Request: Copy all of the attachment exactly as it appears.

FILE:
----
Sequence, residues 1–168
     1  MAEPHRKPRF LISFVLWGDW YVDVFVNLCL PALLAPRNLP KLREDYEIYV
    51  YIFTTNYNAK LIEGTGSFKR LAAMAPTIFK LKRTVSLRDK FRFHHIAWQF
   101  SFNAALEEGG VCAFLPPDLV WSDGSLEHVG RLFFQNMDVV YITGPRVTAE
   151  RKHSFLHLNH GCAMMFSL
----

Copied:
Sequence, residues 1–168
     1  MAEPHRKPRF LISFVLWGDW YVDVFVNLCL PALLAPRNLP KLREDYEIYV
    51  YIFTTNYNAK LIEGTGSFKR LAAMAPTIFK LKRTVSLRDK FRFHHIAWQF
   101  SFNAALEEGG VCAFLPPDLV WSDGSLEHVG RLFFQNMDVV YITGPRVTAE
   151  RKHSFLHLNH GCAMMFSL